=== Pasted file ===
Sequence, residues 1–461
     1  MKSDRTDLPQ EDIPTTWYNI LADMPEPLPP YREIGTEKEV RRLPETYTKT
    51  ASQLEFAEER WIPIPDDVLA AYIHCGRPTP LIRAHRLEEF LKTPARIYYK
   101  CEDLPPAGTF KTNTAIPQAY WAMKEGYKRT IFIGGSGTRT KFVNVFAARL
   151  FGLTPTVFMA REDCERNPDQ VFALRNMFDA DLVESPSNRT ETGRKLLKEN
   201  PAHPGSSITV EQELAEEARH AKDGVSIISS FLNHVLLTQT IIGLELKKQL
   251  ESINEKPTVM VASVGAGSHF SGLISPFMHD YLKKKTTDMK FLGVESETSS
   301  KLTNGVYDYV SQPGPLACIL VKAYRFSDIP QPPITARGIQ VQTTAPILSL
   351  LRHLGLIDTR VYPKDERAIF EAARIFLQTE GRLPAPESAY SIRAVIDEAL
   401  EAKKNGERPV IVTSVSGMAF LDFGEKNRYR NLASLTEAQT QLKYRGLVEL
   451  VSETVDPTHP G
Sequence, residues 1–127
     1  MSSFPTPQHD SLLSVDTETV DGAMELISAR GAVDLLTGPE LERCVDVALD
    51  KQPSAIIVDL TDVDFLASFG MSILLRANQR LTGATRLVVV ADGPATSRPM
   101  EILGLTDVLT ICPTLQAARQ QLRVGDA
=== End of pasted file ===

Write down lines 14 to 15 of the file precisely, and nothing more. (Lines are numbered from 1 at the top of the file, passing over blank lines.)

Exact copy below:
    51  KQPSAIIVDL TDVDFLASFG MSILLRANQR LTGATRLVVV ADGPATSRPM
   101  EILGLTDVLT ICPTLQAARQ QLRVGDA